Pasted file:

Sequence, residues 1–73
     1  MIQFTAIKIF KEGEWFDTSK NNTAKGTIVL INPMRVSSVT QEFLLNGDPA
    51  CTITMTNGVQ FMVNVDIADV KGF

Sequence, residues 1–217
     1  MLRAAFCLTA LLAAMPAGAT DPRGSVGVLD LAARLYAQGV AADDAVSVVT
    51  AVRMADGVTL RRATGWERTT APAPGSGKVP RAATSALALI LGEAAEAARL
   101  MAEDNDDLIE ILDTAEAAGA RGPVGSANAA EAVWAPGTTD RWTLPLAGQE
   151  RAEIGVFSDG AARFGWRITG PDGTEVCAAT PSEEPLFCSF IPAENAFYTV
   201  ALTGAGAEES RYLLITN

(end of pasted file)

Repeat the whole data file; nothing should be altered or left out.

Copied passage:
Sequence, residues 1–73
     1  MIQFTAIKIF KEGEWFDTSK NNTAKGTIVL INPMRVSSVT QEFLLNGDPA
    51  CTITMTNGVQ FMVNVDIADV KGF

Sequence, residues 1–217
     1  MLRAAFCLTA LLAAMPAGAT DPRGSVGVLD LAARLYAQGV AADDAVSVVT
    51  AVRMADGVTL RRATGWERTT APAPGSGKVP RAATSALALI LGEAAEAARL
   101  MAEDNDDLIE ILDTAEAAGA RGPVGSANAA EAVWAPGTTD RWTLPLAGQE
   151  RAEIGVFSDG AARFGWRITG PDGTEVCAAT PSEEPLFCSF IPAENAFYTV
   201  ALTGAGAEES RYLLITN